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Sunday, 28 September 2014

From Today's Papers - 28 Sep 2014

 India rejects Pak’s ‘untenable comments’ on Kashmir

United Nations, September 27
India today strongly rejected the “untenable comments” made by Pakistan Prime Minister Nawaz Sharif on Jammu and Kashmir in the United Nations General Assembly (UNGA), asserting that the people of the state have peacefully chosen their destiny in accordance with universally accepted democratic principles.

Exercising its right of reply on the floor of the UNGA to the comments made by Sharif, India said the Pakistan PM made “unwarranted references” in his address to the UN session yesterday.

“I would like to bring to the notice of this august House that the people of J&K have peacefully chosen their destiny in accordance with the universally accepted democratic principles and practices and they continue to do so. We, therefore, reject in their entirety the untenable comments of the distinguished delegate of Pakistan,” Abhishek Singh, First Secretary in the Indian mission to the UN said in the General Assembly.

Again raising the issue of J&K in the UN, Sharif had said that a “veil” cannot be drawn on the Kashmir issue.

Blaming India for the cancellation of the Foreign Secretary-level talks between the two countries in August, Sharif had said it was “another missed opportunity” to settle disputes and build economic and trade relations. — PTI
Army may replace ITBP on Sino-India border
In a significant move aimed at countering the increasing threat and incidents of incursion by China’s People’s Liberation Army, the government is contemplating replacing the ITBP with the Army, particularly in the Ladakh sector, where the maximum number of incidents of incursion have been reported over the last few months.

The Army’s role in handling the recent crisis at Chumar has come in for appreciation as it took a tough stand on the issue, not letting the PLA troops initimidate its soldiers. The Army had even successfully managed to set up an observation hut at a strategic location in the Chumar region from where it could closely monitor all activities of the Chinese troops. Top government sources said it was the Army’s prompt and immediate action that put a complete check on PLA’s plans for any further advancement into Indian territory.

Thus, there is now a growing view among the highest quarters in the government that the Army and not the ITBP should be made the “first line of defence” along the Sino-India border. During the ongoing Chumar crisis also, several rounds of discussions were held between national security adviser Ajit Doval and top officials from the ministries of defence and home where the assessment was that the Army should replace the ITBP, particularly in the Ladakh region. The NSA had been personally monitoring the standoff between the Indian and the Chinese security forces in Chumar. The ITBP, the paramilitary force which is primarily responsible for guarding the Sino-India border, however, would remain deployed along other areas in Uttarakhand and Northeast. “Since the Chinese take advantage of the fact that there is no clear demarcation along the Line of Actual Control and enter Indian territory, there is a feeling that the Army’s presence will act as a huge deterrent. This argument has been strengthened following the tactful handling of the situation in Chumar by the Army,” a senior government functionary said.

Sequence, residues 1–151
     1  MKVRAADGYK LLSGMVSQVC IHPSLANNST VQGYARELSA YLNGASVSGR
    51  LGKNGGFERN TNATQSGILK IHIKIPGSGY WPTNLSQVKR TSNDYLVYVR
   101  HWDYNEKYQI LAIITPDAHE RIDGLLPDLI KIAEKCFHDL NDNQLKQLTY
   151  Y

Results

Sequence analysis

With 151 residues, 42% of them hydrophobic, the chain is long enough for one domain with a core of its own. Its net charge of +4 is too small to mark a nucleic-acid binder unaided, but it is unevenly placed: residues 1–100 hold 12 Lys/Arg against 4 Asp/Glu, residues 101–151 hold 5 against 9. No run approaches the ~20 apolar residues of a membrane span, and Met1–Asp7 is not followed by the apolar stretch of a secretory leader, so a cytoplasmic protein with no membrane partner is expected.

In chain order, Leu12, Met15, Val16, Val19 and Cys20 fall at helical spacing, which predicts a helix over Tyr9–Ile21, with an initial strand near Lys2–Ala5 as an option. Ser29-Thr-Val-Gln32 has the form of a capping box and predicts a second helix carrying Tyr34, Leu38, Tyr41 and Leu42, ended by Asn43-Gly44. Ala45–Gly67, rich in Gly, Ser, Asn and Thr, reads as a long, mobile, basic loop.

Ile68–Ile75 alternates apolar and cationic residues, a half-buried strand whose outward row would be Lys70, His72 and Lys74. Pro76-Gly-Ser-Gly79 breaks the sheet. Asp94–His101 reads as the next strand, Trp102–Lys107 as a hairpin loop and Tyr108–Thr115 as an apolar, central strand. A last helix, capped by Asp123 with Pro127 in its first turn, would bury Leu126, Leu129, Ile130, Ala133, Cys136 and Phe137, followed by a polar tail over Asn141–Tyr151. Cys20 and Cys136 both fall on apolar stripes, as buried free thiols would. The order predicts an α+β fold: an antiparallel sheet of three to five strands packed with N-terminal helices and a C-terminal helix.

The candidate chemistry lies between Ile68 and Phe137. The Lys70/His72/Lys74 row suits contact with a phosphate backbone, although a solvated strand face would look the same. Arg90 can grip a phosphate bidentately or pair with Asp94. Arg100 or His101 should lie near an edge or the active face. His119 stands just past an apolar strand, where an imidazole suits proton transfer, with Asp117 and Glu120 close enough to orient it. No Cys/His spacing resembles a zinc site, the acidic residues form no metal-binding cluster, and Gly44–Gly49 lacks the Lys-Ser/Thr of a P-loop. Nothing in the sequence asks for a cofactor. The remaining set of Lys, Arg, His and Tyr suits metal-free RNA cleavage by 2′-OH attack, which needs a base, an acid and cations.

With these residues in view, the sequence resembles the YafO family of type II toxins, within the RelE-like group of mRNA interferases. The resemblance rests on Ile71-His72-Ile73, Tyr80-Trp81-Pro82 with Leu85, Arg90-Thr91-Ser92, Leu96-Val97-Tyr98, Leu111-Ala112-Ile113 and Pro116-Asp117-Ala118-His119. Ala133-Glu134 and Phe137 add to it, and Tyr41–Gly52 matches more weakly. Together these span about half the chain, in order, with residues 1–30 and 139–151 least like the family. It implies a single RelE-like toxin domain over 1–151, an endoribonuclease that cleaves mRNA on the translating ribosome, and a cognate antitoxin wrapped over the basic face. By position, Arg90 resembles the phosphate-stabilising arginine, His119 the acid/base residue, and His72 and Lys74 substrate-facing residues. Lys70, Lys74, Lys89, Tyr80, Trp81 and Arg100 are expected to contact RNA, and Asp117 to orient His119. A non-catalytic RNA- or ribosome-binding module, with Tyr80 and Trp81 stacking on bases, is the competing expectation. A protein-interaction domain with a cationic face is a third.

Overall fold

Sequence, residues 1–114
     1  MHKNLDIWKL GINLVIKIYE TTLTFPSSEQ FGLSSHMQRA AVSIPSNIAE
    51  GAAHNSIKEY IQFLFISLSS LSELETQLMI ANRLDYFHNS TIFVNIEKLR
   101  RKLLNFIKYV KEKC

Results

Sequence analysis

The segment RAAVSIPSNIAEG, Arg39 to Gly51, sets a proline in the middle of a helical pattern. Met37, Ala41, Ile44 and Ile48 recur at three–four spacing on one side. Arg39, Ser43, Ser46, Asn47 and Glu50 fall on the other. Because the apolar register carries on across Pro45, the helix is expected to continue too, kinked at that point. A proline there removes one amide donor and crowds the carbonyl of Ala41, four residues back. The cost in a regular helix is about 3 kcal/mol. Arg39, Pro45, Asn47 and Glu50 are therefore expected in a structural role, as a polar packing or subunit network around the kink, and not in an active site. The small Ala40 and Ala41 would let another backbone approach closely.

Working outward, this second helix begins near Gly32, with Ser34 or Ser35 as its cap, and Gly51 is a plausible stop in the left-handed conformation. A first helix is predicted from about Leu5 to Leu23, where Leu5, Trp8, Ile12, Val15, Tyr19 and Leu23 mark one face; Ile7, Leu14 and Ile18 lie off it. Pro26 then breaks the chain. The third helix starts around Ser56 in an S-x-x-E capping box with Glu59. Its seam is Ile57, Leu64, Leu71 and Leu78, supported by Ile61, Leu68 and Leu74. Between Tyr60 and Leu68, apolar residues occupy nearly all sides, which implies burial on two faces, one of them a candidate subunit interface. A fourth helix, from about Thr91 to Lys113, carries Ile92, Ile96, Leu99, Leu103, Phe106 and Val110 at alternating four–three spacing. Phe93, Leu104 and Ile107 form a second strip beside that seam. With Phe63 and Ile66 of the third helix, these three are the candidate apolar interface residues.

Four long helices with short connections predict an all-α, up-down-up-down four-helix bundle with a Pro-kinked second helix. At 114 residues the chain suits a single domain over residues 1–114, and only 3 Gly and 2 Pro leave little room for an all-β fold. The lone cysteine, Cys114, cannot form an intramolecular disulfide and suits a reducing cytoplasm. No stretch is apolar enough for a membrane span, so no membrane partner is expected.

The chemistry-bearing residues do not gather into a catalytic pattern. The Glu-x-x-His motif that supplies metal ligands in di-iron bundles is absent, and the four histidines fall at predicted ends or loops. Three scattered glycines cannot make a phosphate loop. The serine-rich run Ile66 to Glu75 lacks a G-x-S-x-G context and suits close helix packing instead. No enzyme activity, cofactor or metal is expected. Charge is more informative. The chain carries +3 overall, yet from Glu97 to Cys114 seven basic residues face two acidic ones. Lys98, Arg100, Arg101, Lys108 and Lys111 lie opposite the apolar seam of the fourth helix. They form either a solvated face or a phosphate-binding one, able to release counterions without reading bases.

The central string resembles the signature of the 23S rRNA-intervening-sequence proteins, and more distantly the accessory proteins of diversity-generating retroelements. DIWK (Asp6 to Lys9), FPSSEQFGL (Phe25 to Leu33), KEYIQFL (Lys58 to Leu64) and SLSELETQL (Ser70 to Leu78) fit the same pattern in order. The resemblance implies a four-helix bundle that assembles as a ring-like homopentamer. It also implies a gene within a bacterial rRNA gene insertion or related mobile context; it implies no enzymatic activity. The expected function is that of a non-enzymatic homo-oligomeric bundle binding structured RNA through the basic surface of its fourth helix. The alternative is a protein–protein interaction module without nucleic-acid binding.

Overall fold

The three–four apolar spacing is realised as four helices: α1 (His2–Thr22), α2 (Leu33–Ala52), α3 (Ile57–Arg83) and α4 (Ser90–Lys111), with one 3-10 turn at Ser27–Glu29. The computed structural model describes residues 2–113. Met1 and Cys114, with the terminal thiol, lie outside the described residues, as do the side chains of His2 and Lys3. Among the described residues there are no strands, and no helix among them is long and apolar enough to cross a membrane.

Sources said while broadly there was consensus on increasing the Army’s presence along the LAC and the border in Ladakh sector, there were certain logistical issues that had to be taken care of before a formal decision is taken. “The adequate availability of troops without adversely affecting the functioning of the security forces is one of the key issues that is being looked into. So the exercise may take some time,” the official added.
China ramps up regional tensions to outflank Modi

A tense standoff between Indian and Chinese troops on the frigid peaks of western Himalayas has become the symbol of Narendra Modi’s failed effort to reset his country’s relationship with China. The military tensions prompted the Indian army chief to announce cancellation of a scheduled visit to Bhutan on a day the Chinese defence ministry quoted Xi Jinping as advising his military to be ready to win a “regional war”.

Mr Modi has gone out of his way to befriend China. His first bilateral meeting with an important head of state was with Mr Xi on the sidelines of a summit in Brazil. Indeed, Mr Modi postponed his own Japan trip so that he met Mr Xi first. Not only that, Mr Modi became India’s first prime minister to receive a foreign leader outside the Indian capital – that too on his own birthday.